This post is on the House health reform bill’s individual mandate. Posts on its employer mandate and those of the Senate bill are found under the “health insurance mandates” tag. My sources for this post are the Center on Budget and Policy Priorities (CBPP) report by January Angeles and Judith Solomon, the Kaiser Family Foundation’s summary of the House bill, and a Health Affairs blog post by Timothy Jost.
Under the House bill individuals must purchase health insurance or pay a tax of 2.5% of their adjusted gross income above the income tax filing threshold up to the cost of an average insurance policy.
The CBPP report has a very nice table that lists side-by-side the required premium contributions by income for the House and Senate bills. In brief (and ignoring a few small details) under the House bill families with incomes below 150% of the poverty line would be eligible for Medicaid for which there would be “very minimal” or no premium requirement. Premium contribution requirements for households with incomes between 150% and 400% of the poverty line follow a sliding scale from 3% to 12% of income. Wealthier families receive no subsidy. An individual with access to employer-based coverage is eligible for the premium and cost-sharing credits (described below) only if the cost of the employee premium exceeds 12% of the individual’s income.
The House bill also includes cost-sharing credits for families with incomes below 400% of poverty. The effect of these credits are summarized nicely in a table in the CBPP report and vary from providing 97% of the actuarial value of coverage (for those below 150% of the poverty level) to 70% (at 400% of the poverty level). In addition, there is a schedule of out-of-pocket spending limits that ranges from $500 (below 150% of the poverty level) to $5,000 (at 400% of the poverty level) (values doubled for families).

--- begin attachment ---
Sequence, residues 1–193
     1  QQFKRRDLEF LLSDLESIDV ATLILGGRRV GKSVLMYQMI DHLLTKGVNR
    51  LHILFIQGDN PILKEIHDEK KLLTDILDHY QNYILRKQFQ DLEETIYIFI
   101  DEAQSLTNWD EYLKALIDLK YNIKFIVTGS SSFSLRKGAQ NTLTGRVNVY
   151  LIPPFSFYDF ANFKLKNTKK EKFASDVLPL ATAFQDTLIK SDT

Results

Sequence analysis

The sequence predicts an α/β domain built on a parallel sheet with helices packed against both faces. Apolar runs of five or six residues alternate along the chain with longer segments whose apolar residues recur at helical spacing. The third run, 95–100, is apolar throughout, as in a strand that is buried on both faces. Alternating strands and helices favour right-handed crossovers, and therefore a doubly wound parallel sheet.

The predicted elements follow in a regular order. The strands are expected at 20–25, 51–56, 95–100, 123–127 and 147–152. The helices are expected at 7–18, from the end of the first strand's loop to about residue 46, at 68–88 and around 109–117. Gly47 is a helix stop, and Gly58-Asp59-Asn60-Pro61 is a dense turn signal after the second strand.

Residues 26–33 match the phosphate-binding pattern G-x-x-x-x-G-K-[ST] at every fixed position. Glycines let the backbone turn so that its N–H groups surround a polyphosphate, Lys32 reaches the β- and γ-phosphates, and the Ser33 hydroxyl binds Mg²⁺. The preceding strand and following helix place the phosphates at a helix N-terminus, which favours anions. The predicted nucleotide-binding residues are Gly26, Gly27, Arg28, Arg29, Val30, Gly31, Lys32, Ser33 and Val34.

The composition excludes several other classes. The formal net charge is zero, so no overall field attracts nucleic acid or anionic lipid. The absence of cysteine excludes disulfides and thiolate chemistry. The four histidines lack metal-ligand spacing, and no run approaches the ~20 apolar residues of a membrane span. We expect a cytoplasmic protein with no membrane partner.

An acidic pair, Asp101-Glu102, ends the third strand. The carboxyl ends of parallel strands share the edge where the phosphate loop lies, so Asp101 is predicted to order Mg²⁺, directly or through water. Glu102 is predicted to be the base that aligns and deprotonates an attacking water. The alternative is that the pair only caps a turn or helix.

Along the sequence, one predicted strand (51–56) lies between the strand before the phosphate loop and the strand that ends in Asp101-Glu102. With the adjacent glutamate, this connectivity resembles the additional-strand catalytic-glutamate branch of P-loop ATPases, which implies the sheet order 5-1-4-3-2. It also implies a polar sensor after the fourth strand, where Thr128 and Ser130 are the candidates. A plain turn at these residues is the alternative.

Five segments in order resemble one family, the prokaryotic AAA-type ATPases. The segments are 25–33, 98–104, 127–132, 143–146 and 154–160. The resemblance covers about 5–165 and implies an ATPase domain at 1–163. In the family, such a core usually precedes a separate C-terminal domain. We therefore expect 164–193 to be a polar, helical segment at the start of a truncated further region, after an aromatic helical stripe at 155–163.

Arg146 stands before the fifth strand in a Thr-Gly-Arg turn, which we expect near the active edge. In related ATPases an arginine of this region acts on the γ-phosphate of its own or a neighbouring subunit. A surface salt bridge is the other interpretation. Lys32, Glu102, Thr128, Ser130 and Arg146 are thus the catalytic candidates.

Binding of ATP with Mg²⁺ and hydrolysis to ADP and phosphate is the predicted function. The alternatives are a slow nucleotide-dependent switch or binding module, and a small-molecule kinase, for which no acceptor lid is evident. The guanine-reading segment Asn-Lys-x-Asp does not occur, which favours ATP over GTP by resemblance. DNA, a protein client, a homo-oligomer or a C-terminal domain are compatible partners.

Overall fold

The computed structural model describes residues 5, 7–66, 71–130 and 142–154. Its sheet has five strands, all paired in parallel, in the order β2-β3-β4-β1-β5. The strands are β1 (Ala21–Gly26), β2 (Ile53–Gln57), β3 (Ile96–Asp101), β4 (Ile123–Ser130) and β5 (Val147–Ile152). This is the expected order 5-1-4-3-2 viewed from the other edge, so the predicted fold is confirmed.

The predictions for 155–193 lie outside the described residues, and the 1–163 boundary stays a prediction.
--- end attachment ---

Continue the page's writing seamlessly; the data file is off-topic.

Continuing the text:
This concludes (for now) my flurry of posts on mandates under the House and Senate health reform bills. If you’ve stuck with me this far you earn a “Super Wonk Gold Star.” In summary, the House bill provides stronger employer and individual incentives for coverage through larger penalties. While premium subsidies are higher under the House bill in the range of 135%-250% of the poverty line they are lower elsewhere. On the other hand the House bill would provide more generous support for non-premium cost-sharing. Finally, the House bill’s employer mandate does not include any perverse incentives to avoid the hiring of individuals with low family incomes.